Do you tell anyone else about what they say to you? Do you tell their doctor?
Counsellors make is plain to the children and young people they meet that counselling is a safe environment in which to talk about their feelings and experiences. If they are primary-aged children, the counsellor will already have received parental consent and, with their permission, will intend to include parents and teachers in the plans that are made.
If a young child tells us anything which is a danger to them or anyone else, it is be explained that we have to tell someone else to make sure they are safe. This can be their doctor or someone else who may be able to help. We always tell the child if this is going to happen, which is not very often.
Anything else in the counselling session is between the child and the counsellor. With secondary students who are deemed to be Fraser Competent, we do not require parental consent. But the same rule applies regarding any disclosure of information which endangers the young person or another child. Again, anything else is between the counsellor and the young person and, as such, is therefore confidential.
Can a child come back to see the counsellor again?
Counsellors usually spend between one and eight sessions lasting 40/50 minutes with a child or young person. It may be that they only want to come for two or three sessions and that is fine. It may be that after their eight sessions, even some time later, that they need to come and see the counsellor again, and that is fine, too. The counsellor talks to them and school staff when this is needed.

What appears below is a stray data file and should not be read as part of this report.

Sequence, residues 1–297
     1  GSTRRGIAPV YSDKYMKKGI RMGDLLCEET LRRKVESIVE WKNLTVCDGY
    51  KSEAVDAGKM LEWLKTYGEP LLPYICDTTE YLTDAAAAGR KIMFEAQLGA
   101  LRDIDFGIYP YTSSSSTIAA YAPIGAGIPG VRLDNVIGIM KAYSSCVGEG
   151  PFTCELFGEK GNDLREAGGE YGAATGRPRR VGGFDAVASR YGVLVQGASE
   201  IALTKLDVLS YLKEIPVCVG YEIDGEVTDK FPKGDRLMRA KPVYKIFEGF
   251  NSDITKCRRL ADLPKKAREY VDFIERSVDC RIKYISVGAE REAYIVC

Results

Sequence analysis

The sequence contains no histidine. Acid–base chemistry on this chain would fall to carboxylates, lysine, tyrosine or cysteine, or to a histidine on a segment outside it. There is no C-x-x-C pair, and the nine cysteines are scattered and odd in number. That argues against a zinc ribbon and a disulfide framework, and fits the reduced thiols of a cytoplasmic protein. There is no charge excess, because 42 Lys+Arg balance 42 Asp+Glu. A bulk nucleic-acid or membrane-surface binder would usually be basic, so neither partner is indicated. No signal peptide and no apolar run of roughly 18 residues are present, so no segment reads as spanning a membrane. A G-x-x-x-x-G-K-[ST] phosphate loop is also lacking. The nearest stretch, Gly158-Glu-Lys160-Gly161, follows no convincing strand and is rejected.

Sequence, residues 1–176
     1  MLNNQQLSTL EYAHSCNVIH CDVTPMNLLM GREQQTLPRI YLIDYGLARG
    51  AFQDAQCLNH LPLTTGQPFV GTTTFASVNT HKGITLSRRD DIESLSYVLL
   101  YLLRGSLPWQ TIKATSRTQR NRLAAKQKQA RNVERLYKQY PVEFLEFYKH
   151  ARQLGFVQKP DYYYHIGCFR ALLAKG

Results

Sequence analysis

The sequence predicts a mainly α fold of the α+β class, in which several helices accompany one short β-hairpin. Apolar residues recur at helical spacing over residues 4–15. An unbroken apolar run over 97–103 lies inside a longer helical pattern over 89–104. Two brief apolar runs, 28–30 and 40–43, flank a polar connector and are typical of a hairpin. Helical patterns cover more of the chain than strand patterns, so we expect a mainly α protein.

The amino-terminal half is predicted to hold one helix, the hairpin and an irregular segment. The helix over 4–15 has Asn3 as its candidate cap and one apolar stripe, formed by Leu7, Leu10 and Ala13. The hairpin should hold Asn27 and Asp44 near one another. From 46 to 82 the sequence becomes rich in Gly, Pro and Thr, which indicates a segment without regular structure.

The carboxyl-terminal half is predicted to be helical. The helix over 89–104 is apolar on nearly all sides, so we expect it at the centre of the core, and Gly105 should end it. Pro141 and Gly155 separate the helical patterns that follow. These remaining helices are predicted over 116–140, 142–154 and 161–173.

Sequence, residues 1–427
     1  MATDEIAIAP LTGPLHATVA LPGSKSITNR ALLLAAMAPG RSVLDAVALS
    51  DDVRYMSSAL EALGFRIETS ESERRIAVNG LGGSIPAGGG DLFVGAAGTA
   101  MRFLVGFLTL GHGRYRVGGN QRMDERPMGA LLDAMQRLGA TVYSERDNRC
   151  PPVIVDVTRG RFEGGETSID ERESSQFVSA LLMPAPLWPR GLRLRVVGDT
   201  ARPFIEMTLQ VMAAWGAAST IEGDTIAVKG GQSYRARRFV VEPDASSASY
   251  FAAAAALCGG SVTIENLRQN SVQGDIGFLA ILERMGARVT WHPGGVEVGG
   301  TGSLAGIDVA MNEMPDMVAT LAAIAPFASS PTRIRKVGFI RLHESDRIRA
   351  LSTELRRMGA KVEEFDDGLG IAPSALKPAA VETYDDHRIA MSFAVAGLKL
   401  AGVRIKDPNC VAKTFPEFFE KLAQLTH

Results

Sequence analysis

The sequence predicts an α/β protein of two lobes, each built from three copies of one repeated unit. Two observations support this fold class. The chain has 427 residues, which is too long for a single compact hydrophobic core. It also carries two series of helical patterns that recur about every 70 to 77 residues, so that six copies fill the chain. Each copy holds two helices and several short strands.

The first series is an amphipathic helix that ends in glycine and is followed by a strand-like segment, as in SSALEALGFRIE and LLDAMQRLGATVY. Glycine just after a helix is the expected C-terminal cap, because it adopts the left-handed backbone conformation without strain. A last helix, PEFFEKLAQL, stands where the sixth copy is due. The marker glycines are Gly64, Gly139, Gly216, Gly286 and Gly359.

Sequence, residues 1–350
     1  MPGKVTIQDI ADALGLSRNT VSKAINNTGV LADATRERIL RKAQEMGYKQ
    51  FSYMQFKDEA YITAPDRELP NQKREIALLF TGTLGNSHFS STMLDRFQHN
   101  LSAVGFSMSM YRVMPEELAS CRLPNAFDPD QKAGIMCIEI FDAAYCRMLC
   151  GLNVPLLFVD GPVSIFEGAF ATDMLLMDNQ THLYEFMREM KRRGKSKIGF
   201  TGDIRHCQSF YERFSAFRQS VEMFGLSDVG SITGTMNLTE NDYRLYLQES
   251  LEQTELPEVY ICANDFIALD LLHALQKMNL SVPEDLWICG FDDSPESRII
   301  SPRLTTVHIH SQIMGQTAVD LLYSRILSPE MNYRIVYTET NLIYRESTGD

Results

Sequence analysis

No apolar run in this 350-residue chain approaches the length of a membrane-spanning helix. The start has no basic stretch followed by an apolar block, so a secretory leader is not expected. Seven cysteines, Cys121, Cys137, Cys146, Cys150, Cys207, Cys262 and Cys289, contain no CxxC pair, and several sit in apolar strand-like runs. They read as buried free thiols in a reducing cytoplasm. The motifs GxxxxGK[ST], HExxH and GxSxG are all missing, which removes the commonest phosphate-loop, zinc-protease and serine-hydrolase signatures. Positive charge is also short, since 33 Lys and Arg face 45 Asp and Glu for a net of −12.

How can I get our school involved?
If you think that Valley Trust may be a good addition to the support you offer children and young people in your school, then simply contact us and the Manager will arrange to visit you and talk through the setting up of a service, what it involves, how it works and what it costs. We can also put you in touch with other school Heads with experience of having a similar service, to tell you how it has worked for them.
Why is counselling of value to our children and young people?
When children and young people are facing strong feelings about events going on around them, at home or at school, it can impact on their behaviour or ability to concentrate at school and make them feel vulnerable. Difficulty in relationships at home, with friends, schoolwork, bullying, bereavement or any other number of issues can all be explored in a safe and supportive environment with the counsellor. The counsellor can also work together with parents and teachers to look for better ways of supporting the child or young person. Parents and teachers often see a marked difference when children and young people have the chance to talk through their feelings with a skilled counsellor within the school setting.
How long does it take to get started?
Counsellors in your school will have an appointment system where they prioritise children and young people who have been referred to them, or, in secondary schools, where they have referred themselves. We are not an emergency service but we will try and see children as soon as possible, especially if the Link Person in school has highlighted there is a particular urgency. Once an appointment is made, the child will have regular – usually 8 weekly sessions, or until the counselling is complete.